Types of Brake Systems and Their Components
Cars have changed considerably as technology progresses. Often there is a blending of old and new systems, being the byproduct of change and innovation while not abandoning older methods of doing things. Some of these more notable changes can be seen in the structure of brake systems and the types of brakes assigned to all four wheels of a car. More information concerning parts of brake systems and how they interact can be found in our definitive guide.
Hydraulic brakes are the most common brake circuit in modern cars that utilize hydraulic (fluid) pressure to stop wheels in motion. The system uses two fluid-filled pistons and springs, one above the other. The ‘master’ piston contains most of the fluid and a pushing object. When the brake pad is pressed, the pushing object forces fluid into two’ slave pistons’, which are pushed together against the rotor (brake disc) to create the friction needed to stop a vehicle.
Frictional brakes are a traditional braking system that relies on the mechanical force to stop vehicles. The disk is surrounded by a calliper, which stores brake pads which are connected to the brake pad via a mechanism. The pads contract or expand based on the pressure or lack of pressure on the brake pad.
This is a new braking system that uses electricity powered by a motor to engage electromagnetic force to press brake pads together. Electromagnetic brakes in modern/hybrid cars provide instant stopping power since it is connected to an electric motor. The benefit of the electric motor is the lack of an intricate/mechanical system.
Additionally, the car provides an instant charge/reaction. The motor is integral to the vehicle and thus is regenerated and powered periodically, especially in electric vehicles.
Another significant part of the braking systems in cars is the actual type of brake being used to apply force.
Disc brakes are pure because they are made up of a singular disc spinning within the wheel. This disc is called the ‘rotor’ typically made out of grey iron or a combination of other alloys in some circumstances. Once the calliper mechanism is activated, the brake pads are squeezed against the rotor, creating immense friction. The resulting grinding can significantly wear away both the pads and rotor, usually leaving fine dust behind as a result of the transfer of energy.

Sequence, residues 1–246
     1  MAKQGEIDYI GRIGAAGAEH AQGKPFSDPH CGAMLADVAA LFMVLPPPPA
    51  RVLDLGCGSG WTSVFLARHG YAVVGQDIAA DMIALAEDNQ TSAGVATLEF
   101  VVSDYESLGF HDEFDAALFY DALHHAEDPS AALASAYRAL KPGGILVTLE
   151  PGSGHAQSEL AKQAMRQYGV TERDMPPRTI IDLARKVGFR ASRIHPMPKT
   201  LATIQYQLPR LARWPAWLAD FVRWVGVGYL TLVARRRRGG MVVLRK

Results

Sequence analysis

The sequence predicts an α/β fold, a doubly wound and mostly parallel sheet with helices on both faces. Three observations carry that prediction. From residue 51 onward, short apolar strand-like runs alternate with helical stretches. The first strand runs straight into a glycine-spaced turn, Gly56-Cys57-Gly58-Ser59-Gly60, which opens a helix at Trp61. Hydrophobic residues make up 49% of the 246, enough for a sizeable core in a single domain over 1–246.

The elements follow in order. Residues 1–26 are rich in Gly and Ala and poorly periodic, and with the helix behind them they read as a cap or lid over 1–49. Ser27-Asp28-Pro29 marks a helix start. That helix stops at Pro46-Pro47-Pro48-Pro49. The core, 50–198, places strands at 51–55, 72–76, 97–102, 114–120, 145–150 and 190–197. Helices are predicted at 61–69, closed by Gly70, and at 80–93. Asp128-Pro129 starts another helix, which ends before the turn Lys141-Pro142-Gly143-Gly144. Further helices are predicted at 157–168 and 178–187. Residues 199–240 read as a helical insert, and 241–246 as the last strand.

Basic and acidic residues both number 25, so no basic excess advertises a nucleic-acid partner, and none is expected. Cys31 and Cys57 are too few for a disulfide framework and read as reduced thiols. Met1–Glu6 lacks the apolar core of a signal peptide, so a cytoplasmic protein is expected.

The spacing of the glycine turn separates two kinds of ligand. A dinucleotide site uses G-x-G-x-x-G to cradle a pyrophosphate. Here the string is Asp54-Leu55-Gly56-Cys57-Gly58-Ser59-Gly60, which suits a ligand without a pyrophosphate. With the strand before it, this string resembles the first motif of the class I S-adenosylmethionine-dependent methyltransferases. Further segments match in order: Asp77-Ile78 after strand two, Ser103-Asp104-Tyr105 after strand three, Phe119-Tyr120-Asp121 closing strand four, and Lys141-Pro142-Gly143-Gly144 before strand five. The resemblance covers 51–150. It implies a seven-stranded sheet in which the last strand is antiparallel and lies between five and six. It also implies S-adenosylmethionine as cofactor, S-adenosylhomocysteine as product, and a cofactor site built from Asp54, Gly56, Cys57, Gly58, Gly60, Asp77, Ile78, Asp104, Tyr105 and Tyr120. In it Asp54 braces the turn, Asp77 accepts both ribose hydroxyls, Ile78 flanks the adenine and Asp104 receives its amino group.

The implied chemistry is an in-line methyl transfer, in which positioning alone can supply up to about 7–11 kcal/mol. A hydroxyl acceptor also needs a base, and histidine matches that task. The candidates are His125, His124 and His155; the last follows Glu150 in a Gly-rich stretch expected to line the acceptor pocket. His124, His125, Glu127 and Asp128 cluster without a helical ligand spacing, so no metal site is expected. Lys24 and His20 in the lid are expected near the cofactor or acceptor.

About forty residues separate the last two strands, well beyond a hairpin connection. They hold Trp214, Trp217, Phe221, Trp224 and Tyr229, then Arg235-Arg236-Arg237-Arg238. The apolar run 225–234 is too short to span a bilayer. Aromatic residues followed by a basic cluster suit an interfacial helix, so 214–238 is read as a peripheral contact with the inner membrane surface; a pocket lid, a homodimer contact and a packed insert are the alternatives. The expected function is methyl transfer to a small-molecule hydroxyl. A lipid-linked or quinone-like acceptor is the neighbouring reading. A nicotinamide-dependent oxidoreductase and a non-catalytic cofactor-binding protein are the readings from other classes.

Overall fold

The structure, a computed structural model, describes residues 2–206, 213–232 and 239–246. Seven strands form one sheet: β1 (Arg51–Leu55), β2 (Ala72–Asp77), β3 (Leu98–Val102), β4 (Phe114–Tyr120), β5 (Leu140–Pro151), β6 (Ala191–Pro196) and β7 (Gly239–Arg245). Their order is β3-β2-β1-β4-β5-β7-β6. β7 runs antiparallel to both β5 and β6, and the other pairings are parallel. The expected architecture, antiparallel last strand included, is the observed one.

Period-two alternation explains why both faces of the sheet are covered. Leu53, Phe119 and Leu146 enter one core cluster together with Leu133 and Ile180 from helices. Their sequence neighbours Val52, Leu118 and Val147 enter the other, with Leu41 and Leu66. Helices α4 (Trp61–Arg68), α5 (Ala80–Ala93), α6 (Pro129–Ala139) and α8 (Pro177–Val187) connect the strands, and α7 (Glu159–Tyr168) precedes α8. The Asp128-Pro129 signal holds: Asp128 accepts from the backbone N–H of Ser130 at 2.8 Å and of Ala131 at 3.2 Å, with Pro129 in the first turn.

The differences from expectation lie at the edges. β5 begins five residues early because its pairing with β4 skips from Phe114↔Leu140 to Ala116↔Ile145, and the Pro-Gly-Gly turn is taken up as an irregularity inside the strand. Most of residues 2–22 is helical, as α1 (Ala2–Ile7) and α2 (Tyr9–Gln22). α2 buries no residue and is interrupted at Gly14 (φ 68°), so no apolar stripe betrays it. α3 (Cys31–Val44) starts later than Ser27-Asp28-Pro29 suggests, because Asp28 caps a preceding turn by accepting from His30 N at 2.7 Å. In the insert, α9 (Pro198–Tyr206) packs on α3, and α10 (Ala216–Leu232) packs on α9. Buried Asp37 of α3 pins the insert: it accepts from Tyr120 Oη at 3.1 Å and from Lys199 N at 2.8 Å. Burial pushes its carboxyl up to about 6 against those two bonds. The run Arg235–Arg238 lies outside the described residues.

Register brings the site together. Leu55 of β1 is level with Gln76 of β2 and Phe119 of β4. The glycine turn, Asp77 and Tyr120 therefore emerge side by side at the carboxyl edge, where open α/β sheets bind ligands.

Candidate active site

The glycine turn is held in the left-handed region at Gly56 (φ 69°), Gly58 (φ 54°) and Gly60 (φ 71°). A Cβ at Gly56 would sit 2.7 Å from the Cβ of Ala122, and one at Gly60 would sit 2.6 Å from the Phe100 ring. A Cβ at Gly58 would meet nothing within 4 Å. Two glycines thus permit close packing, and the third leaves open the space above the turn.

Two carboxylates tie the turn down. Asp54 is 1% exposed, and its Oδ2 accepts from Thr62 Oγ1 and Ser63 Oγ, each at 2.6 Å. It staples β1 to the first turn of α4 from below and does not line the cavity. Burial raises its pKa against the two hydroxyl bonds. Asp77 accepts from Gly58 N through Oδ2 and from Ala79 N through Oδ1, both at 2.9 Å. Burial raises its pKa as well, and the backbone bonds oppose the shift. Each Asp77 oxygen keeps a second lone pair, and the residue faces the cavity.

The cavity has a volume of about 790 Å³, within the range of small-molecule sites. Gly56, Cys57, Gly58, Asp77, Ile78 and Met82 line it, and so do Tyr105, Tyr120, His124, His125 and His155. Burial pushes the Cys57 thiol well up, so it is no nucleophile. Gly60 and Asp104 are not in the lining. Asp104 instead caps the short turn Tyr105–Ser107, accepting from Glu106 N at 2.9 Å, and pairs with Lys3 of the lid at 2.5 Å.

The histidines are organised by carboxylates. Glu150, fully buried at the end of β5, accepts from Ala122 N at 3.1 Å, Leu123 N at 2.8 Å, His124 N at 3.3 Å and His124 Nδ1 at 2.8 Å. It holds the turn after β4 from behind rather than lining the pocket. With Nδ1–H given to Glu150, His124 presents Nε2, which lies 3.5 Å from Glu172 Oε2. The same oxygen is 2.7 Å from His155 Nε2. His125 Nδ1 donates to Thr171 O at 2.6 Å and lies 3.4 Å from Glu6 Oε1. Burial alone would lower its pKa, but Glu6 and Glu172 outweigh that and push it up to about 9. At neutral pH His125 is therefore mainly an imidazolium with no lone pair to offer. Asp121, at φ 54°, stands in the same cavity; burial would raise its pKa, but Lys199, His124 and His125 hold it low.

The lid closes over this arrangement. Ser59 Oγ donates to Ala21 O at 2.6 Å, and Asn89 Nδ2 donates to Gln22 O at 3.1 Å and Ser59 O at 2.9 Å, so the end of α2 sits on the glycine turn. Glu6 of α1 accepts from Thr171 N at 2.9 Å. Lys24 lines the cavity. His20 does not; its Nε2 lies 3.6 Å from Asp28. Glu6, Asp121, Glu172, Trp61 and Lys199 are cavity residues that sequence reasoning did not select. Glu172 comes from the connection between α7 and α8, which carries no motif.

Drum brakes operate similarly to the disc brakes. However, their structure is much different. Drum brakes are named drum brakes because of their distinct hollow, cylindrical shape resembling a drum. Brake pads line the inner rim of the structure and follow the motion of the wheel. When activated, the pads expand against the rotating sides of the drum, which eventually slows the vehicle down through friction.
Brake pads are the material pressed against the car rotor/ drum to create the friction needed to stop a vehicle. These pads are meant to be ground down into fine dust over time, though their material changes depending on the pad’s quality. More detailed information regarding brake pad materials is available in other blog posts.
Most common types of brake systems are hydraulic and electric.
Do Cars Brake with All Four Wheels?
Most cars have four brakes to be utilized, though they are not made equal, usually different designs. Typically, cars are set up with two ‘disc-brakes’ for the front wheels, while back-facing wheels utilize the lower performance drum brakes. This difference is intentional. The energy required to stop a vehicle is concentrated in the front due to back wheels throwing the most potential energy to the front. Disc brakes are proven to respond/ brake faster than drum brakes, which explains why they are preferred.
The same law applies to bikes, which can be illustrated by what happens if the front brake is pressed at a high velocity. The resulting force is enough to cause the bike to ‘buck’ the rider and send them flying, which is why it is not recommended. Though it is one extreme example of the difference between brake strength, it still follows similar principles.
Which Brakes are the Most Important
Following the previous line, front-facing brakes are considered the ‘more important’ part of the brake system. This is due to them handling the brunt of kinetic energy created by the vehicle stop.
Despite this, back-facing brakes still have an essential function, perhaps equally as important as being able to stop a car. Back-brakes in vehicles (just like in the bike example) extend the braking system’s life by sharing and distributing the workload. Without back brakes, the disc brakes at the front of the vehicle would endure much more pressure and be liable to fade much quicker than usual. Besides, back-facing brakes provide a safety mechanism as emergency brakes that last longer if the front brakes do end up wearing away.
Further, the less strained back-brakes provide steady control over a vehicle, lessening the chance of fishtailing or swerving.
Which Brakes Fade Faster, and How Fast?
Brake fade is inevitable. However, the rate at which they degenerate depends entirely on driving habits and vehicle weight. Generally speaking, front-facing disc brakes are more likely to fade due to the amount and frequency of friction they encounter. Even though drum brakes are more likely to fade in terms of actual wear-and-tear, their positioning at the rear of a vehicle prolongs their life span.